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Optimization with Constrained Overclocking

Why Constrain Overclocking?

Area and timing optimizations that you specify can result in upsampled rates in your design. For example, when you use the resource sharing optimization, the code generator overclocks the shared resources by an overclocking factor (OCF). The OCF depends on the number of shareable resources, N, and the SharingFactor, SF, that you specify. If your clock rate is high, overclocking can cause your design clock rate to exceed the maximum clock rate of your target hardware. To constrain overclocking, use the Oversampling factor in conjunction with clock-rate pipelining to constrain the overclocking of your design.

Optimizations that Overclock Resources

Area and speed optimizations, and certain block implementations that you specify result in overclocking the resources in your design. For example, the following optimizations and implementations can result in upsampled rates in your design:

  • RAM mapping

  • Streaming

  • Resource sharing

  • Loop streaming

  • Specific block implementations, such as cascade architectures, Newton-Raphson architectures, and some filter implementations

How to Use Constrained Overclocking

When using area and speed optimizations, you can specify constraints on overclocking using the oversampling parameter. If you want a single-rate design, you can use these parameters to prevent overclocking, or limit overclocking within a range.

Suppose that you have a design that does not currently fit in the target hardware, but is already running at the target device maximum clock frequency, and you know that the inputs to your design can change at most every N cycles. You can enable area optimizations, such as resource sharing, and specify a single-rate implementation using the Oversampling factor. You can specify the Oversampling factor in the HDL Code Generation > Global Settings pane of the Configuration Parameters dialog box.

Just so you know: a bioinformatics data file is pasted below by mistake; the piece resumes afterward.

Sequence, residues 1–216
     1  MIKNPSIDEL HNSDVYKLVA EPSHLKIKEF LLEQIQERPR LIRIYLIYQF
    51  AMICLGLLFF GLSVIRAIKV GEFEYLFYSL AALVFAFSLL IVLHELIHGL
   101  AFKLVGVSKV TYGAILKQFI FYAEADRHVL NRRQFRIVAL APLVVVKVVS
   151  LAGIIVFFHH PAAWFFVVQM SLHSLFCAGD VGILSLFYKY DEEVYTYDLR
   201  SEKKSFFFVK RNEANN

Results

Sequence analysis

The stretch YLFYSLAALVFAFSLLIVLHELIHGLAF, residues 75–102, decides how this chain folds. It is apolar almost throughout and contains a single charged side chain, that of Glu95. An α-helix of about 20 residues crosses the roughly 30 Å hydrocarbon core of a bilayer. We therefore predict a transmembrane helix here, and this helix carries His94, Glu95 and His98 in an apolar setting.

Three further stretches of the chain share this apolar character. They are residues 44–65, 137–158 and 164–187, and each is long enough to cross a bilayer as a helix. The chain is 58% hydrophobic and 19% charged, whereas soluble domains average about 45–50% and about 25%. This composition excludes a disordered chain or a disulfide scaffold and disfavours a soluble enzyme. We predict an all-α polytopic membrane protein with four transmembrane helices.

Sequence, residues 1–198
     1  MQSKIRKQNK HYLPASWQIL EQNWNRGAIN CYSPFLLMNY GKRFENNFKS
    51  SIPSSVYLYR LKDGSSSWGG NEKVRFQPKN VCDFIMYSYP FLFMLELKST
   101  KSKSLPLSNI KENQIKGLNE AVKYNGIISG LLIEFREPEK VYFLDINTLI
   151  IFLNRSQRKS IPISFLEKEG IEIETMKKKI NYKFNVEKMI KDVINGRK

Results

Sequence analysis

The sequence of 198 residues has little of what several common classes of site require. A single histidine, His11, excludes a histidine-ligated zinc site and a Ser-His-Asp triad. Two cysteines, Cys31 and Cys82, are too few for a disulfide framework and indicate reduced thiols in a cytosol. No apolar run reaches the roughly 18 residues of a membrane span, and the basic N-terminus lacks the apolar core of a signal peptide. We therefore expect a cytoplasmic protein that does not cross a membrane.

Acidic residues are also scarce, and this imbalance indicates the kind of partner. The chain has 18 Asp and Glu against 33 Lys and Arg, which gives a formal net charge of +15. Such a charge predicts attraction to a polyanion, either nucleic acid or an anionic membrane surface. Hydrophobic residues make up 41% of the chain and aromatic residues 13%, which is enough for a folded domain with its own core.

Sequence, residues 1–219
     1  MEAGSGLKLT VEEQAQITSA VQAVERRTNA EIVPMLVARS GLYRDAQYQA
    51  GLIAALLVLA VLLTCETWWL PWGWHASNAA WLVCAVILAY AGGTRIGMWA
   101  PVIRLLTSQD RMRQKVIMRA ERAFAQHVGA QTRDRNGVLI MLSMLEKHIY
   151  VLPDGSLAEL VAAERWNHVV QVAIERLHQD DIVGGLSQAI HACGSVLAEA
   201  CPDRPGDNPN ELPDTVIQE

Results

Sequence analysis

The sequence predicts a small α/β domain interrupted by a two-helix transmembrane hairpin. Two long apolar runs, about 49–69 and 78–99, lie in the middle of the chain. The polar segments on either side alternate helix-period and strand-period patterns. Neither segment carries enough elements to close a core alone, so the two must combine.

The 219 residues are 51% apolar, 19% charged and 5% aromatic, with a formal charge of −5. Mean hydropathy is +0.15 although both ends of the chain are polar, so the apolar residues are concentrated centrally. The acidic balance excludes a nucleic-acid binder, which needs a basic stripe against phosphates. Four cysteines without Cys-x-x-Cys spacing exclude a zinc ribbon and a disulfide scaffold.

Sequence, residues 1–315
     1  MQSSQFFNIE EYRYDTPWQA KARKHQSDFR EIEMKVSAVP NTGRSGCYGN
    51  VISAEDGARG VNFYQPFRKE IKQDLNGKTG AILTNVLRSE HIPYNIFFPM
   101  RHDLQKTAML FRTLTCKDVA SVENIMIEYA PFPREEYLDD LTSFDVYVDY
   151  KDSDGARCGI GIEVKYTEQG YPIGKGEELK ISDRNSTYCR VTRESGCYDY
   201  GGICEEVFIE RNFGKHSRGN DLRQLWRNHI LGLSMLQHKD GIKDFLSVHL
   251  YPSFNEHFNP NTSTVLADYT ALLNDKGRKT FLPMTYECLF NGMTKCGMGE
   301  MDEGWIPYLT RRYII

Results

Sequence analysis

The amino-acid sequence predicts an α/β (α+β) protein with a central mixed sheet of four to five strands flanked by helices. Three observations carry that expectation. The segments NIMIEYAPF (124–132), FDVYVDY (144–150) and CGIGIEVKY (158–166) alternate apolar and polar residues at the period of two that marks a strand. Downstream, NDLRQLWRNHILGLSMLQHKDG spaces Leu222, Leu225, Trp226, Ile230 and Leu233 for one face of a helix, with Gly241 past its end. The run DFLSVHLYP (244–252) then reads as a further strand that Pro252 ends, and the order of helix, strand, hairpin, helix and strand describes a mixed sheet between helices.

By default, the clock-rate pipelining optimization is enabled, and it works in conjunction with the Oversampling factor to make the DUT sample time slower than the actual clock rate. You can design your model at the base sample time and then set the Oversampling factor to N. This setting gives HDL Coder™ a latency budget of N cycles to perform the computation. In this situation, HDL Coder can reuse the shared resource at the original clock rate over N cycles, instead of implementing the sharing optimization by overclocking the shared resource.

Constrained Overclocking Limitations

When you constrain overclocking by specifying an Oversampling factor greater than 1, Clock inputs must be set to Single.

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